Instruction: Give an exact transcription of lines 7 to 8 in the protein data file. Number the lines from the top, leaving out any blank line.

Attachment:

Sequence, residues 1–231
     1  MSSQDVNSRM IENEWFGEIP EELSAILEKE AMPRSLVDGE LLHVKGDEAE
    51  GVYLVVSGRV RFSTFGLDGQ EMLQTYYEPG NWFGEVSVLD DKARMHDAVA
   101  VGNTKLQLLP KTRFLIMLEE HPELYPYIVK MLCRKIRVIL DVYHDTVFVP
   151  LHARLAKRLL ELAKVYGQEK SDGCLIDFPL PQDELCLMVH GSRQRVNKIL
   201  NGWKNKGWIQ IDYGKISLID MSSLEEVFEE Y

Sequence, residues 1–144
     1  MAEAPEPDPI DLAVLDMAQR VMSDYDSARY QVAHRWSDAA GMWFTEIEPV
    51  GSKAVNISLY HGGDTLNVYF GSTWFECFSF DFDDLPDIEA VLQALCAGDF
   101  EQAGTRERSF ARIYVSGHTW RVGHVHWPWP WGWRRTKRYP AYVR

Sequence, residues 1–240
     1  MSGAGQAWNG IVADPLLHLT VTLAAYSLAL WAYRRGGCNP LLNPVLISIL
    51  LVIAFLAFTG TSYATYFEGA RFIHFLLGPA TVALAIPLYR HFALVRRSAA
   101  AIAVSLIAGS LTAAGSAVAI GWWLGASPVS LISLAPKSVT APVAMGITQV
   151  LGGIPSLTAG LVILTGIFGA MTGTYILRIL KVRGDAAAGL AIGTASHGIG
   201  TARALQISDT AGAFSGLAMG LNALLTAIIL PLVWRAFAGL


Sequence, residues 1–144
     1  MAEAPEPDPI DLAVLDMAQR VMSDYDSARY QVAHRWSDAA GMWFTEIEPV